“A spring-net deformable model for surgery simulation with haptic feedback” by Chen, Barner and Steiner

  • ©Pei Chen, Kenneth E. Barner, and Karl Steiner




    A spring-net deformable model for surgery simulation with haptic feedback



    Interactive modelling of complex, non-rigid, three-dimensional structures is a critical technique for surgery simulation. Such modelling based on volumetric data has been widely studied [Gibson 1997; Debunne et al. 2001; Wu et al. 2001]. The use of volumetric deformable models in real-time applications, however, are very limited, due to the low resolution data and high computational cost that are well known bottle necks of volumetric deformable models. In common virtual reality applications, organs and tissues are often represented by surface data in a form of triangular meshes. Compared to volumetric models, surface models require less memory storage and computations since they only contain object boundaries, which greatly reduces the object data. Therefore, real-time interaction is easier to achieve at very high resolutions, resulting in superior visual quality. The major challenge of simulating tissue deformations using surface mesh data is that the elastic theory are not applicable due to the fact that the interior data of organs are unavailable to perform the computations.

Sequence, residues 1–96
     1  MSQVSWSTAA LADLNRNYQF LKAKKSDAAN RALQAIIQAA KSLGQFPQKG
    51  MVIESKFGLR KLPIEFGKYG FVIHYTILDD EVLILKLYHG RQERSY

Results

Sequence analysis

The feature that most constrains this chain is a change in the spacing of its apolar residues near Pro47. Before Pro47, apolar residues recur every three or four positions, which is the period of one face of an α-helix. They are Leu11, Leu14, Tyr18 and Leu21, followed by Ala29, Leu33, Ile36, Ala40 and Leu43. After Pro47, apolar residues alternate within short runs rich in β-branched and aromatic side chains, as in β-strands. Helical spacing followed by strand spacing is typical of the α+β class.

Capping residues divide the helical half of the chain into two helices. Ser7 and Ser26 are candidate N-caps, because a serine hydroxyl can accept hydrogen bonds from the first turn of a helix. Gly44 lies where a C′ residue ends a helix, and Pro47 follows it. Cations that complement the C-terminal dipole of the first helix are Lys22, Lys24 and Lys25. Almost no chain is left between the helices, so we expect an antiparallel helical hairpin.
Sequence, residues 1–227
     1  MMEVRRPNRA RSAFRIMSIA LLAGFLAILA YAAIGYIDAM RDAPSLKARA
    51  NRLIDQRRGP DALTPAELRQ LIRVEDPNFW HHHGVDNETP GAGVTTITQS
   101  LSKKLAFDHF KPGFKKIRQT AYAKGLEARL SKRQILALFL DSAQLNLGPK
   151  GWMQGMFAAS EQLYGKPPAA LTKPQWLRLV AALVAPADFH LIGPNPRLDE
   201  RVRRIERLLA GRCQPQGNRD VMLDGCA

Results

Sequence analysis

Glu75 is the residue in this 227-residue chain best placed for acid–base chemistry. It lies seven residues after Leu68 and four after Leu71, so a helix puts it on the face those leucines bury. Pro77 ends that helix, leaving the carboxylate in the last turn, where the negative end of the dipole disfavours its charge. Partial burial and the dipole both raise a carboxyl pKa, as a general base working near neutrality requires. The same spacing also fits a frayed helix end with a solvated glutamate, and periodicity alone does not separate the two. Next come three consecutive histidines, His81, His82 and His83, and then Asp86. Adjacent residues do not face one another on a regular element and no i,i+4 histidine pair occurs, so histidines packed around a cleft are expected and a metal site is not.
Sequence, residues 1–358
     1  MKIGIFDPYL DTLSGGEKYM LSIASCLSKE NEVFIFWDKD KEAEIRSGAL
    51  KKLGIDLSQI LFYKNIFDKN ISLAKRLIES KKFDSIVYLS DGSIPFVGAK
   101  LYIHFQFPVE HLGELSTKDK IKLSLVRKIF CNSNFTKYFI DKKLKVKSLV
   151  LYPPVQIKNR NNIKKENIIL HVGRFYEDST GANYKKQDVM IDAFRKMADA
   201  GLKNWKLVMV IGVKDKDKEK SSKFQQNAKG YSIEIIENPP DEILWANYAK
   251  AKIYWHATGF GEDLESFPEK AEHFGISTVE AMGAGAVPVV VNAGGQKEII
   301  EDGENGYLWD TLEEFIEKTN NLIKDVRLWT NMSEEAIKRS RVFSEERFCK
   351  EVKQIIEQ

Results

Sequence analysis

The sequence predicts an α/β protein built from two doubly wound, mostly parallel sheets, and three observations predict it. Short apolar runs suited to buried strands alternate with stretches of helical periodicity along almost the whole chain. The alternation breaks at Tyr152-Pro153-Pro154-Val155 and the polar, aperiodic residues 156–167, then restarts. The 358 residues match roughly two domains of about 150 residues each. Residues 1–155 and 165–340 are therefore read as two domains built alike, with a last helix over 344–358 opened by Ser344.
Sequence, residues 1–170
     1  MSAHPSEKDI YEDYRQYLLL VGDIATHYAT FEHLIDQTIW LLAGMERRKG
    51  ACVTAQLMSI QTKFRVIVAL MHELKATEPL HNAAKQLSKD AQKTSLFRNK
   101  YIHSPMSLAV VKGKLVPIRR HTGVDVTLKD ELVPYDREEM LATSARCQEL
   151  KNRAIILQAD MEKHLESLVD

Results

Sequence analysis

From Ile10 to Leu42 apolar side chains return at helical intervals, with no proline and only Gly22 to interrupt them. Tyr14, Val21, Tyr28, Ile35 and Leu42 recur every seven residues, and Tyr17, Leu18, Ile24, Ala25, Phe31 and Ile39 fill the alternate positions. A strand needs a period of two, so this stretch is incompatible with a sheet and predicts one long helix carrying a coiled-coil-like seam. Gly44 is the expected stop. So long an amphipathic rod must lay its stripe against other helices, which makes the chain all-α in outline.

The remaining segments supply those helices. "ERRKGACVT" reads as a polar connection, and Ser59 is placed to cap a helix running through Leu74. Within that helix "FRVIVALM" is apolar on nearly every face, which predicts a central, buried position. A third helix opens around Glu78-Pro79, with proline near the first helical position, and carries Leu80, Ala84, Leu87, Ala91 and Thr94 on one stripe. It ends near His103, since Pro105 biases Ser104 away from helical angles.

1. Debunne, G., Desbrun, M., Cani, M., and Barr, A. 2001. Dynamic real-time deformations using space and time adaptive sampling. In Proc. ACM SIGGRAPH 2001, ACM Press / ACM SIGGRAPH, New York, E. Fiume, Ed., Computer Graphics Proceedings, Annual Conference Series, ACM, 31–36.
    2. Gibson, S. 1997. 3d chainmail: a fast algorithm for deforming volumetric objects. In Proc. Symposium on Interactive 3D Graphics, vol. 11, ACM, 149–154.
    3. Wu, X., Downes, M., Goktekin, T., and Tendick, F. 2001. Adaptive nonlinear finite elements for deformable body simulation using dynamic progressive meshes. Computer Graphics Forum 20, 3 (September), 349–358.

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